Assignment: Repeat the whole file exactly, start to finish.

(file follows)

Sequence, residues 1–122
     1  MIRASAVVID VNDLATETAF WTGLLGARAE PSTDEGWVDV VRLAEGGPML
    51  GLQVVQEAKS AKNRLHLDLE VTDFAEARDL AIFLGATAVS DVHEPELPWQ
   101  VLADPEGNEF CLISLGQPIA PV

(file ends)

Sequence, residues 1–122
     1  MIRASAVVID VNDLATETAF WTGLLGARAE PSTDEGWVDV VRLAEGGPML
    51  GLQVVQEAKS AKNRLHLDLE VTDFAEARDL AIFLGATAVS DVHEPELPWQ
   101  VLADPEGNEF CLISLGQPIA PV